Texas AG Fights for Private Property Owners against Federal Land Claims

Published April 27, 2016

A U.S. District court in Texas recently approved the State of Texas as an intervening party to a lawsuit challenging the U.S. Bureau of Land Management’s (BLM) claim to own more than 90,000 acres on the Red River along Texas-Oklahoma border, land historically considered private property. 

Texas Attorney General Ken Paxton is intervening in support of several private landowners who claim the BLM is attempting to seize property they own. The original suit was filed in federal court by the Texas Public Policy Foundation’s Center for the American Future on the behalf of seven families who own the land in question and local counties along the banks of the Red River.

Federal Planning Sparks Lawsuit

While land disputes in the area date back to the early 20th century, the most recent dispute arose when representatives from the Bureau of Land Management visited North Texas in 2015 to create a Resource Management Plan for a 116-mile stretch along the Red River from near Doan’s Crossing in Wilbarger County, through Wichita County and to the small Clay County community of Stanfield describing how the land would be used in the next 20 years.

At issue is differing definitions of the gradient boundary — the midpoint between the river bed and where the water crests over the cut bank — between Texas landowners and surveyors and the BLM. 

The families have deeds for the land in question and have and have paid taxes on it for decades.

“Rather than just getting into a tit-for-tat with them, we, I would say, have gone above and beyond and amended to not only include the legal descriptions, but also attached certified copies of the recorded deeds for all of our clients even though we didn’t need to,” Robert Henneke, the general counsel and director of the Center for the American Future at the Texas Public Policy Foundation, was quoted as saying in the Wichita Falls Times Record, in response to a motion to dismiss filed by BLM claiming the original suit didn’t adequately describe the property in question.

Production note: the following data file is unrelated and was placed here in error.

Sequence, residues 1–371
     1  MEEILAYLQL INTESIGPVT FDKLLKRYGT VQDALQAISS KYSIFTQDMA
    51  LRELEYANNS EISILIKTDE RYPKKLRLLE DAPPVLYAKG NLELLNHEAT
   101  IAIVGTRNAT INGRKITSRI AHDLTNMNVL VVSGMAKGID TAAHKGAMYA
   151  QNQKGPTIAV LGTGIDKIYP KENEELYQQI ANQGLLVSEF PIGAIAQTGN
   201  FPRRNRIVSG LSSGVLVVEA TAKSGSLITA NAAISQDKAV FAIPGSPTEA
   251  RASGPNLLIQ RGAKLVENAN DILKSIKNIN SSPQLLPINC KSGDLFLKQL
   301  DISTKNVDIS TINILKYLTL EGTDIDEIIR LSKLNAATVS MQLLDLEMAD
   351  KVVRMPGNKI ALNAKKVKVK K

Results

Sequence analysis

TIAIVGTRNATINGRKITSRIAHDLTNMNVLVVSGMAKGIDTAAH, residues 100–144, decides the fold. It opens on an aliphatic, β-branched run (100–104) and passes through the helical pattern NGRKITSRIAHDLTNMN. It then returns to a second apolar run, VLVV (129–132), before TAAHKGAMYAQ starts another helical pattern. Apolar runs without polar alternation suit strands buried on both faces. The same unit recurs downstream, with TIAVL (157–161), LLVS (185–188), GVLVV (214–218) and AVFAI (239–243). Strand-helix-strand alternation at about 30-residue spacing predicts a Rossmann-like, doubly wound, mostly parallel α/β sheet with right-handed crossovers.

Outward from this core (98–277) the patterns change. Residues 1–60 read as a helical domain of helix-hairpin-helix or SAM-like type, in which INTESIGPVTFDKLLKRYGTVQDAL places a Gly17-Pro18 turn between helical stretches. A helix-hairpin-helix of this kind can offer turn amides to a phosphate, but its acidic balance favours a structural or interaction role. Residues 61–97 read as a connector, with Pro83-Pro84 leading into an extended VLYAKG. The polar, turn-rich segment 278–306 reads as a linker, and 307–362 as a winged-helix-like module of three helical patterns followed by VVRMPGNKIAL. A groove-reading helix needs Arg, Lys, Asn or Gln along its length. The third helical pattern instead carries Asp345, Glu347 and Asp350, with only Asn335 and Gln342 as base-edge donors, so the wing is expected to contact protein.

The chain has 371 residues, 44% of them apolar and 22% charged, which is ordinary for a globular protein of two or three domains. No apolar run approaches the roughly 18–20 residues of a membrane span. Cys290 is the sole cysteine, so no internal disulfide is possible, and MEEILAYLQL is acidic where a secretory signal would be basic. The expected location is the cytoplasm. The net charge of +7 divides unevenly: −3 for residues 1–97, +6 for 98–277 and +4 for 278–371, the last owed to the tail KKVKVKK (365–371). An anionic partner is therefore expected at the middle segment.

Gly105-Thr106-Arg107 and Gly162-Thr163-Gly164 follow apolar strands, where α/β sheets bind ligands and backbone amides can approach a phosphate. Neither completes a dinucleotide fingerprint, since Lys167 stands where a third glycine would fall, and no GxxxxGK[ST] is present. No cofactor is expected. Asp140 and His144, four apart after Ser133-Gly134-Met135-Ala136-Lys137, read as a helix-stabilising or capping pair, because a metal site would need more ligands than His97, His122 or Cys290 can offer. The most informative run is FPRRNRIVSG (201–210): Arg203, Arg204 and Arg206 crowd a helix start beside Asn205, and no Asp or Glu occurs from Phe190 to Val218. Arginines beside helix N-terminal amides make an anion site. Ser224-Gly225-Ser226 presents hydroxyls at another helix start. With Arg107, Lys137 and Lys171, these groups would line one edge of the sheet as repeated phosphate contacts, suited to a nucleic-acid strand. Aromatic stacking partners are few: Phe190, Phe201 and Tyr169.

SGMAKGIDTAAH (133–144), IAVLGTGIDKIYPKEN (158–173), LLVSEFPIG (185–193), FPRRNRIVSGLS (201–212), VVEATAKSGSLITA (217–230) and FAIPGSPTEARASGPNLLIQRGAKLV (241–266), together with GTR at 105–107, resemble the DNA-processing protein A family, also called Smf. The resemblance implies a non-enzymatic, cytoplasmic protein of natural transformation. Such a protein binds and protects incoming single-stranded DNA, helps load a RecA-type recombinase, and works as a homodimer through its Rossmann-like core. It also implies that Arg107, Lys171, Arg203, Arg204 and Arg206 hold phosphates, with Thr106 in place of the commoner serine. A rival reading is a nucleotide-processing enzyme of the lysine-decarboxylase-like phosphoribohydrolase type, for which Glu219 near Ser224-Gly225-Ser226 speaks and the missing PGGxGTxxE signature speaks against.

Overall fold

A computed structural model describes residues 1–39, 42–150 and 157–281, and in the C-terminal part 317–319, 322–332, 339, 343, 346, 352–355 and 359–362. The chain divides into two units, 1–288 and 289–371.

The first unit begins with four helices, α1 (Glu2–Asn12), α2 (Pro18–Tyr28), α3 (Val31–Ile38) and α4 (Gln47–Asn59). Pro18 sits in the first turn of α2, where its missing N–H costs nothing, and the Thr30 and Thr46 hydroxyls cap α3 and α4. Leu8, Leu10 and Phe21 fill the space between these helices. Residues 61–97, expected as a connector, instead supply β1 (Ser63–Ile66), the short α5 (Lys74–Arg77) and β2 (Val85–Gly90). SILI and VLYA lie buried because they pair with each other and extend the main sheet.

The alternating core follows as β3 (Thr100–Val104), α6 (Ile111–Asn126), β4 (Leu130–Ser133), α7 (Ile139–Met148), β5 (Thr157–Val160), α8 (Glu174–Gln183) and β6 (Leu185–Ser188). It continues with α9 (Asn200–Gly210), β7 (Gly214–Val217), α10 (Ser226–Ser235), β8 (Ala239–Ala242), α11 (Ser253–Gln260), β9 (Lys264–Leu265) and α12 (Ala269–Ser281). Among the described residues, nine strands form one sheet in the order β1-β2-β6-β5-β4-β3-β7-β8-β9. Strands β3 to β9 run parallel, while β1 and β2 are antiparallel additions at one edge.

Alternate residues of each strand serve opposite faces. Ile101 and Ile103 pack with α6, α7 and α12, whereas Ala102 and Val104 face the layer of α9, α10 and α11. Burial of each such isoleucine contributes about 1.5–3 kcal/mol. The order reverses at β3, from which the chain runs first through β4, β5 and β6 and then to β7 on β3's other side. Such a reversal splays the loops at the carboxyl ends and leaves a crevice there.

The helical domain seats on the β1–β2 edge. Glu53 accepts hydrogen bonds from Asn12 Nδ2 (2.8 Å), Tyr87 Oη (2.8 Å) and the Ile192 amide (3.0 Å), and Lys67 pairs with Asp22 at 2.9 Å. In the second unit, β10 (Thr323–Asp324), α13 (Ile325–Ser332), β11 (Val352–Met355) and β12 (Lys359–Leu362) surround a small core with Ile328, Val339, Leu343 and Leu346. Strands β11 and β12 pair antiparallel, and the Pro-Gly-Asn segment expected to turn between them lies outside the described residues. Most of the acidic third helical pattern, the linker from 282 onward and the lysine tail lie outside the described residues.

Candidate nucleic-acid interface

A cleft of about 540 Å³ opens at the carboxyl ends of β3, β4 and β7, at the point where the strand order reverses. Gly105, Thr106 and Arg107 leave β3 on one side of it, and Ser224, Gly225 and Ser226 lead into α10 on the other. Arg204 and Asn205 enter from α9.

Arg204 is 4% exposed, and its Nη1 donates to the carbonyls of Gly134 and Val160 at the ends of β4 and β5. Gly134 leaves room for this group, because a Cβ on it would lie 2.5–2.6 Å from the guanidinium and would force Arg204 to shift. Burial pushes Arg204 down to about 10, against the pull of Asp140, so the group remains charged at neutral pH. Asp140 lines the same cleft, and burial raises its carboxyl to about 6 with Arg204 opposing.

“We certainly don’t have anything to hide and we’re up front,” said Henneke. “We’ve got all our cards on the table as far as where we’re coming from.” 

The BLM’s claims to own the land based upon a 1929 ruling Supreme Court ruling. Landowners, counter they have deeds long recognized by the State of Texas and counties to the land under dispute – deeds BLM never challenged before. 

“Washington D.C. needs to hear, loud and clear, that Texas will not stand for the federal government’s infringement upon Texas land and the property rights of the people who live here,” said Attorney General Paxton in a press release. “The federal government must follow the law and recognize our correct borders, consistent with decisions of the U.S. Supreme Court defining the boundary formed by the Red River.”

U.S. Congressman Mac Thornberry has attempted to get Congress involved in the dispute. The House of Representatives passed the “Red River Private Property Protection Act” a bill sponsored by Thornberry in early December 2015. Thornberry’s bill would establish clearly the land in question was owned by those property owners who have exercised control over, operated upon, paid taxes on and could show proof of ownership to the land, ending BLM’s claims. The Senate has yet to take up Thornberry’s bill.

Michael McGrady ([email protected]writes from Colorado Springs, Colorado.